WATTS ET AL. v. SEWARD SCHOOL BOARD ET AL.
ON PETITION FOR WRIT OF CERTIORARI TO THE SUPREME COURT OF ALASKA.
Decided May 3, 1965.
The cause, involving schoolteachers who claim that their dismissals for activities in attempting to remove a school official and board members violate the First and Fourteenth Amendments to the Constitution, is remanded to the Supreme Court of Alaska to allow that court to consider the effect, if any, of supervising changes in state law upon this case.
Certiorari granted; 395 P.2d 372, judgment vacated and case remanded.
George Kaufmann for petitioners.
George N. Hayes for respondent Seward School Board.
Petitioners Watts and Blue were dismissed from their positions as schoolteachers in Seward, Alaska, on grounds of "immorality," which under Alaska Statutes 1962, 14.20.170 was defined as "conduct of the person tending to bring the individual concerned or the teaching profession into public disgrace or disrespect." Petitioners' dismissals were upheld by the Alaska Superior Court (Third Judicial District), and on appeal the Alaska Supreme Court affirmed the Superior Court's decision. 395 P.2d 372. The Alaska Supreme Court noted that "[t]he immoral conduct complained of as to the appellant Watts was his holding of private conversations with various teachers in which he solicited their support in an attempt to oust the school superintendent from his job. The allegedly immoral conduct of the appellant Blue was his making of a speech to a labor union at Seward in which he stated. `We have been unable to get rid of the [school] [381 U.S. 126, 127] Superintendent, so we are going to get rid of the Board,' or words to that effect." 395 P.2d, at 374. The Alaska Supreme Court held that this conduct "had a tendency to bring the [petitioners] . . . and the teaching profession into public disgrace or disrespect," within the terms of the statute, 395 P.2d, at 375, and it therefore sustained their dismissals. Petitioners contend that their dismissals for engaging in the conduct here described unconstitutionally infringe their rights to political expression guaranteed by the First and Fourteenth Amendments to the United States Constitution.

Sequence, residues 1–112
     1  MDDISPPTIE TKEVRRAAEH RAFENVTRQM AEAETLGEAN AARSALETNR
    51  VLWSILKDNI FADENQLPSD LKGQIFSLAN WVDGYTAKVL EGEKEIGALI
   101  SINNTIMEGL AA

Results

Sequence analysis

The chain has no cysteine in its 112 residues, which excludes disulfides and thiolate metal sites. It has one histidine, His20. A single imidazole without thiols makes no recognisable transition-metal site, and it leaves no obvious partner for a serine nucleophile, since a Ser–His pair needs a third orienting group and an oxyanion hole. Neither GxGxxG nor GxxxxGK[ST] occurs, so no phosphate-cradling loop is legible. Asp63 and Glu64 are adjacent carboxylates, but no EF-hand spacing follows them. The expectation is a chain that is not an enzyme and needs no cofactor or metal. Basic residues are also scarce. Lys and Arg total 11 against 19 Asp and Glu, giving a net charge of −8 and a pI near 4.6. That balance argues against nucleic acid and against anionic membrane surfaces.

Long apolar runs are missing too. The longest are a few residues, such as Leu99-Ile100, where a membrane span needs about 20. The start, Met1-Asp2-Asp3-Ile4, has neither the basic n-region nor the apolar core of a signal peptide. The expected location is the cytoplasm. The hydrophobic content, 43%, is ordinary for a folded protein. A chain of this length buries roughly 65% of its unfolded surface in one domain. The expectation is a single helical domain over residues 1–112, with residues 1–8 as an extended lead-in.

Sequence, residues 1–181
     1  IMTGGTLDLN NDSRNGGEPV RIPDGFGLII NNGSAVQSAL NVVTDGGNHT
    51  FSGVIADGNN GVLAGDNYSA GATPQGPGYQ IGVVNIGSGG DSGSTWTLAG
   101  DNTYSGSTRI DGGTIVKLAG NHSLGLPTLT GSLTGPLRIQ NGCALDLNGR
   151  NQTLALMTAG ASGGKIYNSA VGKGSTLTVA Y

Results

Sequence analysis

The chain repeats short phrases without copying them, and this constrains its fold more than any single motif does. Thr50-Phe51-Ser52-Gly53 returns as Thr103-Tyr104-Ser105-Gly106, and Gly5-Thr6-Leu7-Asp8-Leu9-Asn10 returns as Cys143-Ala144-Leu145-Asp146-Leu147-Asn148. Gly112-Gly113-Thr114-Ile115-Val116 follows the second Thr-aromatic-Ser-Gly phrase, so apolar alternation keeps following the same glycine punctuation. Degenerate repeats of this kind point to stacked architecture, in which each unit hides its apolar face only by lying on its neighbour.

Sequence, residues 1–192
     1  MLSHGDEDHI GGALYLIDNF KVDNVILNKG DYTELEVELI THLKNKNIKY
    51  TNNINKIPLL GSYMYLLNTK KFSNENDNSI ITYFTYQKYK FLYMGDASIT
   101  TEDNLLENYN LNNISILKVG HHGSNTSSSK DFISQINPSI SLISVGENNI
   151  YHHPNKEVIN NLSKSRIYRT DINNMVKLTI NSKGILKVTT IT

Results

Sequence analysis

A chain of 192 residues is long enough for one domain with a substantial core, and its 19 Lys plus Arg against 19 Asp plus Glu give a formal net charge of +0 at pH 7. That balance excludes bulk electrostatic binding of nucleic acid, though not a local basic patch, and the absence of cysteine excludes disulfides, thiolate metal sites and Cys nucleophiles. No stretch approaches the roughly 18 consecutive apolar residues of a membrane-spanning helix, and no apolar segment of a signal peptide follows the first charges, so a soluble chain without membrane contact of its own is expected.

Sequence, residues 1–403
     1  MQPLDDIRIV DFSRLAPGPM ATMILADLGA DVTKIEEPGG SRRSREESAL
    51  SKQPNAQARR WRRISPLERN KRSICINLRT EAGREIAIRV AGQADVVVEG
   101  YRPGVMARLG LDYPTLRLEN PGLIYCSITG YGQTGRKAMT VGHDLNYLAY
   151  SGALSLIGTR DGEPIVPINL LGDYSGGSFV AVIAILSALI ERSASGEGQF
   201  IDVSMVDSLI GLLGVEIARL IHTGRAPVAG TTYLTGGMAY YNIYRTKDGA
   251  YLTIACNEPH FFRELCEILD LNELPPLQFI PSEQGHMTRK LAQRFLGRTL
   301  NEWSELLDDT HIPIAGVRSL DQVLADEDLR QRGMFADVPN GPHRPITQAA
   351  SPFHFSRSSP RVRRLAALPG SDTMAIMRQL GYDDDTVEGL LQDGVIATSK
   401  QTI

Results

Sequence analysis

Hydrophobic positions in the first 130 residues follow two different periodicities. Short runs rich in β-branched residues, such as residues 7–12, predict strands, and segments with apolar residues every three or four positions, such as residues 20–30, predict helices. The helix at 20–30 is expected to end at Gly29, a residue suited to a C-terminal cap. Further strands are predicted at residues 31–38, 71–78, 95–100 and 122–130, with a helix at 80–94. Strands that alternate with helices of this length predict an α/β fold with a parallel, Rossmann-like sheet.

We need not consider petitioners' contentions at this time, for since their petition for certiorari was filed Alaska has amended its statutes in this area. House Bill 27, adopted by the Alaska Legislature and signed by the Governor on March 31, 1965, now defines "immorality" as grounds for revocation of a teaching certificate, as "the commission of an act which, under the laws of the state, constitutes a crime involving moral turpitude." Moreover, Alaska Statutes, Tit. 14. c. 20, have been amended by the addition of a new section which reads: